The Divine Sister
The Divine Sister
By Charles Busch
Directed by Kate Ingram
Starring Kody Grassett, Brianna Joseph and Alexandra Voelmle
UCF Conservatory Theater, Orlando FL</strong>
There’s something inherently funny about a drag nun, but when you add a nicely convolved comedy around one, it becomes…really fun. You thought I would say “divine,” didn’t you? Good old St. Veronica’s Catholic school in Pittsburg is crumbing. You may recall St. V, she’s patron to laundromats and photographers but building maintenance is not her thing. Mother Superior (Grassett) is cruising for cash and dealing with the school’s wrestling coach, Sister Acacius, (Joseph) as postulant Agnes (Voelmle) has visions and heals the sick by laying on hands. Those two are bad enough, but the best hope for cash is atheist Jew Mrs. Levinson (Madelyn James); but she’s just not all that sympathetic until the deep secrets of the past unravel. The man that pulls the string is her friend Jeremy (Mike Nilsson); he’s an-ex newsman in the style of a hardboiled 1940’s flick and what passes for a romantic lead in the wacky world of Charles Busch.
So is this funny, or just offensive? Both, naturally. Busch’s most famous title is “Vampire Lesbians of Sodom”; a title which no one has ever topped. Grassett is more than just funny, he’s a physical clown and pulls off some pretty good Charlie’s Angels drop-and-roll maneuvers. He’s airy and cerebral like a saint but can get off some comic timing when it’s called for. Little Ms. Voelmle is angelic, she can even pull off a maraschino cherry stigmata with enough charm to not get her knuckles rapped. My favorite was the Ms. Joseph’s wrestling coach. She felt least nun-like of all; tough and no nonsense and the sort of side kick you need in the battle trenches of God. Lastly I’ll mention the evil double agent Sister Walburga (Ashely Turner). She looks pretty good in a vinyl cat suit and almost has the German accent down; her lesbian jokes worked best of all and she was the one actor they trusted with a fake gun.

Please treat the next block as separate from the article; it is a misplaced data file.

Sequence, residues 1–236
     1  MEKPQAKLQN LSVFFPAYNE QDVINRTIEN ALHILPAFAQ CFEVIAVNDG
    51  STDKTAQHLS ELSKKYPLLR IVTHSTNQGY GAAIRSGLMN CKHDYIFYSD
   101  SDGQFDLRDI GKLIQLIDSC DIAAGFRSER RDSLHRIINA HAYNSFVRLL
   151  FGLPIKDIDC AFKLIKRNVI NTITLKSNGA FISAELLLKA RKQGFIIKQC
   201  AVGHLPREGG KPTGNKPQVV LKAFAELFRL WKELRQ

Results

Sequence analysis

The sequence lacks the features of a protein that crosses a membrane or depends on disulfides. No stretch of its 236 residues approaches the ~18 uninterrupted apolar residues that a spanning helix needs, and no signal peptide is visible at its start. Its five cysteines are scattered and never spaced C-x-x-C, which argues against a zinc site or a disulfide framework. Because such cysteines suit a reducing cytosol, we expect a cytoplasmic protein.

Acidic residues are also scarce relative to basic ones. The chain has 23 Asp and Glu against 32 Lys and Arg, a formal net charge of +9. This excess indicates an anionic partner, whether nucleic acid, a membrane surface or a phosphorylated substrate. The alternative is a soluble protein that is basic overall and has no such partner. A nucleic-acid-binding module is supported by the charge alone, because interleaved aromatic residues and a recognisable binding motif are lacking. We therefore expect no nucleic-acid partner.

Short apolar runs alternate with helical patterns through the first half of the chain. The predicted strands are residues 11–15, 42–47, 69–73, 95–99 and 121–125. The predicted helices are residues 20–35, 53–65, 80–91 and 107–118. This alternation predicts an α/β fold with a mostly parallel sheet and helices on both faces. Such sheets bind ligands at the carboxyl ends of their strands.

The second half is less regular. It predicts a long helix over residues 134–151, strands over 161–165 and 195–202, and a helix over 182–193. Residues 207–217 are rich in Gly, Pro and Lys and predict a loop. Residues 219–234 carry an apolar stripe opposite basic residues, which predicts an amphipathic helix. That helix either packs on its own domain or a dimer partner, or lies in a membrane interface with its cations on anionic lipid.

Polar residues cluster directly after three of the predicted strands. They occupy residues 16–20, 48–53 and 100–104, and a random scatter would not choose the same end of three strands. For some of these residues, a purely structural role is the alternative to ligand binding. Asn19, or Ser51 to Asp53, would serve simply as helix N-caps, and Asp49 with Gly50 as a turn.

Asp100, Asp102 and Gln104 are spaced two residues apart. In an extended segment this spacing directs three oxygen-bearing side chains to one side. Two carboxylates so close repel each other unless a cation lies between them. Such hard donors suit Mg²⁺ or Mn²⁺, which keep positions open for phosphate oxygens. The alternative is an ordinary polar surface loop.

Director Ingram pulled more than a few sight gags off of the elaborate rotating set designed by Bert Scott; it’s a monstrous expressionist Cathedral door compete with gargoyles (too bad they didn’t look like Mel Brooks). There’s a stack of non church approved language and situtions here, so if you’re easily offended slip back next week for “The Understudy.” But if your knuckles still sting from grade school and you’ll never join the Knights of Columbus this is a gang buster comedy about faith and how to betray it.
For more information on Theatre UCF visit http://www.theatre.ucf.edu